Is there another star who defines the idea of an Old Hollywood screen siren better than Lauren Bacall? Doubtful. With her femme fatale looks and iconic low voice, Bacall was a staple of Golden Age cinema. Her life is practically a checklist of Tinsel Town achievements and scandal, including on-set affairs, a tumultuous private life, and 1940s Presidential selfies. During most of her life, Bacall was remarkably private—but secrets never stay buried forever. Dig into these scandalous facts about Hollywood’s sultriest screen legend, Lauren Bacall.
Like many things in her life, Lauren Bacall got her stage name via misadventure. The woman who became Lauren Bacall was born Betty Joan Perske to Jewish parents on September 16, 1924. Her mother’s maiden name was actually Weinstein, but she later took the root of that name—“wine glass” and translated it to Romanian, bokal.
The young actress’s mother then changed that to “Bacal,” only for her daughter to eventually add an extra “L” at the end, giving birth to a legendary Hollywood surname.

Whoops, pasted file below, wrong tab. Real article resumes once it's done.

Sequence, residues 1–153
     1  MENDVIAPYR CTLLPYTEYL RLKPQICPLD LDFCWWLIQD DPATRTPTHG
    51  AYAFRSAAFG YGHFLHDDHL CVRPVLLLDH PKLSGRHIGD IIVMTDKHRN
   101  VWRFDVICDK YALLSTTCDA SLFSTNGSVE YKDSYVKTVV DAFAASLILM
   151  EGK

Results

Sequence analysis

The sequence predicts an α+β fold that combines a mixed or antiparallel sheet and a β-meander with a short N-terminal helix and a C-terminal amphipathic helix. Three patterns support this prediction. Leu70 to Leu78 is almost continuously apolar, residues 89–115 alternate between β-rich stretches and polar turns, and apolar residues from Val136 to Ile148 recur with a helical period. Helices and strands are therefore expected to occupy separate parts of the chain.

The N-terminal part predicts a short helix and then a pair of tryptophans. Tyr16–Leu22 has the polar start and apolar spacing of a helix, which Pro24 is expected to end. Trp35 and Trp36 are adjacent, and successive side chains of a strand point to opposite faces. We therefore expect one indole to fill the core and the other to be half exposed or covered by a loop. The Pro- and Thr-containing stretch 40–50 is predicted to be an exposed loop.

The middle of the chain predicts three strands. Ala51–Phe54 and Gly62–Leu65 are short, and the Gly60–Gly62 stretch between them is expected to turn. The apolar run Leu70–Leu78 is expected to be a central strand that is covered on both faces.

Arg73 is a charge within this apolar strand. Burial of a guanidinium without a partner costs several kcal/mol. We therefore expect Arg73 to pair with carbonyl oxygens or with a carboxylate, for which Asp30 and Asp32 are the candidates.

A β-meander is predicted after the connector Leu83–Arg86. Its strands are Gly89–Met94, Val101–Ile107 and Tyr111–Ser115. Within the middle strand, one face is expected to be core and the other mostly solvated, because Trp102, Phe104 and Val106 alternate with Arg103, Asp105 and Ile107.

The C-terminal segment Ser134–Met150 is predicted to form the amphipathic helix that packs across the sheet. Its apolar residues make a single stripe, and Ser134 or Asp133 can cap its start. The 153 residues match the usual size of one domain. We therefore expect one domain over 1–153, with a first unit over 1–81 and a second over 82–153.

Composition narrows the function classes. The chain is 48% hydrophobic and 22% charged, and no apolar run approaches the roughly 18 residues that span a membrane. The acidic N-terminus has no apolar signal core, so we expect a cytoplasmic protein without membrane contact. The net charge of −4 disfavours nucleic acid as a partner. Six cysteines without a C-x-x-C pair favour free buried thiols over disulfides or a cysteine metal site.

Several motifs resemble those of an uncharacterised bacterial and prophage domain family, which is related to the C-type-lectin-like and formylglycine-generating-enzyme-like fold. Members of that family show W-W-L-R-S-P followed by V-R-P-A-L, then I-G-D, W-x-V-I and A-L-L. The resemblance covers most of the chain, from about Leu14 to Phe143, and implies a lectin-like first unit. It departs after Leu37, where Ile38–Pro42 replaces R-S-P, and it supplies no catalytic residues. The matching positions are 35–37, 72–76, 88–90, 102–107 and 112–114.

Lauren Bacall grew up in New Jersey with her parents, but when she was just five years old, something turned her world upside down. In 1932, her parents divorced, and her father completely disappeared from her life. While it brought the young actress and her mother closer together, it was clear from interviews and those who knew Bacall that her feelings toward her absentee father were less-than-loving, if not downright bitter. It wouldn’t be the only heartbreak that she’d face…
As soon as Bacall hit high school, her ambitions were clear—she wanted to be famous. And Bacall’s love for acting wasn’t only borne out of a desire for attention. She was a bonafide fan of both stage and screen, and one of her favorite stars was Bette Davis. When she was 13, she went to see Davis star in Marked Woman. The film introduced her to her new favorite idol, Humphrey Bogart. Watching him, Bacall made an eerily prescient prediction about her future.
She told a friend: “I’m crazy about that man. Just crazy about him. I love Davis, but I should play opposite him.”
As a struggling actress, Lauren Bacall took on modeling jobs and even briefly worked as a theater usher. Then, when she was 18, she became a model for Harper’s Bazaar. Soon after, socialite Slim Keith spotted Bacall on the cover, and found her intriguing. She showed the magazine to her husband, film director Howard Hawks. Keith suggested that Bacall could be his next star. Hawks asked his secretary to reach out to Bacall—but instead, Bacall found herself the victim of a bizarre twist of fate.